Live and Historical USD/NOK Rates
This chart shows the value of the United States dollar (USD) against the value of the Norwegian krone (NOK) – how many Norwegian krones are necessary to purchase one United States dollar. The US dollar is a major currency, but the Norwegian krone is not. USD/NOK forms neither a major nor a commodity pair.
Naturally, the USD/NOK pair has a degree of correlation with EUR/USD. The US does carry on some trade with Norway, though most of the energy commodities go to the UK or EU member nations. Still, oil is largely traded in dollars, and this alone causes a relationship. The best way to profit from this pair is by watching commodity prices (oil and natural gas). It is also important to be aware of any political possibility that Norway will switch to the euro. If the public will shifted in this direction there would be obvious and significant consequences.
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The U.S Dollar
As one of the most powerful currencies, it follows that the economy behind the USD is also strong. Major trade partners for the US include Canada, China, Mexico, Japan and Germany and much of that trade happens in the manufacturing, agriculture or finance sectors. The USD’s governing body is the Federal Reserve, and they maintain tight control over the dollar, seeking a balance between inflation and stagnant growth. The major way the Federal Reserve affects USD value is by adjusting the lending interest rate. USD is a floating currency and several commodities, including oil and gold, trade exclusively in USD.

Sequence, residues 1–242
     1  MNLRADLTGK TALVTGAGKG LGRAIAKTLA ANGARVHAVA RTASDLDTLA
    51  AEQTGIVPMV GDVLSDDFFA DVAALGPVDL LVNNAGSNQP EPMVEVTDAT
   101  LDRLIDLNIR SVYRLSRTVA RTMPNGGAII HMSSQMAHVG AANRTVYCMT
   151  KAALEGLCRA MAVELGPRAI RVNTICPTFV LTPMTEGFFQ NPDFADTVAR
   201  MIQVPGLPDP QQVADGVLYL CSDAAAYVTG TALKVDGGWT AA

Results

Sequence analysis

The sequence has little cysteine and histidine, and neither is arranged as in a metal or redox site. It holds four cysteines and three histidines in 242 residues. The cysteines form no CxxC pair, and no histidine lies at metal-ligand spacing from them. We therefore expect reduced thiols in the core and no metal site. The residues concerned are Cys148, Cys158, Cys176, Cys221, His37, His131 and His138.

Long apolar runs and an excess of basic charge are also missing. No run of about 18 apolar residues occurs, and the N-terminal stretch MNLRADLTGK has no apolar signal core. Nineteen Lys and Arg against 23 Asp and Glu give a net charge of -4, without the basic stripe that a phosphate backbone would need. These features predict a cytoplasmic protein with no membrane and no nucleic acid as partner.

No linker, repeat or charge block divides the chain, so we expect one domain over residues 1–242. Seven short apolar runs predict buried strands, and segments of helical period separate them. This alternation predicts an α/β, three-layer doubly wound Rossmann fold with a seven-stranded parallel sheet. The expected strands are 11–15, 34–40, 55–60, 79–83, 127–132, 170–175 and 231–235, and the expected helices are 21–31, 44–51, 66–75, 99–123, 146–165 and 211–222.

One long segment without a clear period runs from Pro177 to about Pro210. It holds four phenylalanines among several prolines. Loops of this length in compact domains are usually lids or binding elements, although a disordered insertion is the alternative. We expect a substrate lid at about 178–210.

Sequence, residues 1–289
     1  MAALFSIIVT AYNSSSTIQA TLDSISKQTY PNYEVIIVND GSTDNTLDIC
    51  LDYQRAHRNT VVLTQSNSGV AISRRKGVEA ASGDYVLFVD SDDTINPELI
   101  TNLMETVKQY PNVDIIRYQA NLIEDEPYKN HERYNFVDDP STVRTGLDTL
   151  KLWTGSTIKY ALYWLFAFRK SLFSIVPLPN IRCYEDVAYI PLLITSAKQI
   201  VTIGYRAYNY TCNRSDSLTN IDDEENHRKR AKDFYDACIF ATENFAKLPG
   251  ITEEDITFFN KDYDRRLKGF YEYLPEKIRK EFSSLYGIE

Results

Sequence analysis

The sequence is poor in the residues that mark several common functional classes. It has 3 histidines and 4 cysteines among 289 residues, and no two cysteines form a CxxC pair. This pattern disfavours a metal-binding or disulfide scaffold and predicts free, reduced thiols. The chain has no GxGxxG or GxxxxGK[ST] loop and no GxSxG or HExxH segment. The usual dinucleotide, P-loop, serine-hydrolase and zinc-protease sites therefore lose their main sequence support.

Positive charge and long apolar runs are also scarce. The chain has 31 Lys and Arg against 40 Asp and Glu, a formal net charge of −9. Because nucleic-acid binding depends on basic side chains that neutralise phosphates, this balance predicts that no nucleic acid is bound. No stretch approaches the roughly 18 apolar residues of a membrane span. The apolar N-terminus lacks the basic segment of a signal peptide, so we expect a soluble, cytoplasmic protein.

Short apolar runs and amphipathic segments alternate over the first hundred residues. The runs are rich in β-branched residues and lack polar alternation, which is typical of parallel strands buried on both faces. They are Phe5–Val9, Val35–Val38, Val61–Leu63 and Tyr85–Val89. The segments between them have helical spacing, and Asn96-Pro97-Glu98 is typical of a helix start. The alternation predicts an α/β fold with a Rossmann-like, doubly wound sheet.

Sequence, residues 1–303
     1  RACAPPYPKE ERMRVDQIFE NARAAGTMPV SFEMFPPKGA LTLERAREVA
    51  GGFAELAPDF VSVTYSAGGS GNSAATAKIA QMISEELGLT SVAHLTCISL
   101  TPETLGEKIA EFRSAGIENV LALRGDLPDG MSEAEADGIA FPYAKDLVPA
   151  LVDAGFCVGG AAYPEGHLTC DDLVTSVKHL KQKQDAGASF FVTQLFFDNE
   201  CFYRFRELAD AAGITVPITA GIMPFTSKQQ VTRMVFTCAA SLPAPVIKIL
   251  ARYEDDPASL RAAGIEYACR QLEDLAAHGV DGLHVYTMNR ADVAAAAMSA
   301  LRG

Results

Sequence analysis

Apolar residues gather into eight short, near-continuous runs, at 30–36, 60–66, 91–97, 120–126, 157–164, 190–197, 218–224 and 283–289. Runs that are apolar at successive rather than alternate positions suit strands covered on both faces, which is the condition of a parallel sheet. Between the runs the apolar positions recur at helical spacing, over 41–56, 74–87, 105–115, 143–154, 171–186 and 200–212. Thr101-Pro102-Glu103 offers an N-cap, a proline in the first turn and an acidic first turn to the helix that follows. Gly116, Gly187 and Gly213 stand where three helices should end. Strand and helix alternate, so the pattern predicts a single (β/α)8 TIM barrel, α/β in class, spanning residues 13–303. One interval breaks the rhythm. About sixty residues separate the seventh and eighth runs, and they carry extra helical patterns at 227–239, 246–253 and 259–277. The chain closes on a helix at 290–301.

The Norwegian Krone
The Norwegian krone entered the world market in 1875. Like most currencies at this time, NOK was pegged to USD in 1939, but the krone has grown much in volume traded since then. NOK was tenth in most traded currencies in 2009. Norway’s economic growth is most influenced by its natural resources. Petroleum and natural gas were discovered in very large reserves in the North Sea in 1969, and Norway has utilized this store to build NOK value. Norway also capitalizes on natural resources like its fisheries and hydroelectric power. As a result, the krone is a strong commodity currency. To this point, Norway has resisted the transition to the euro.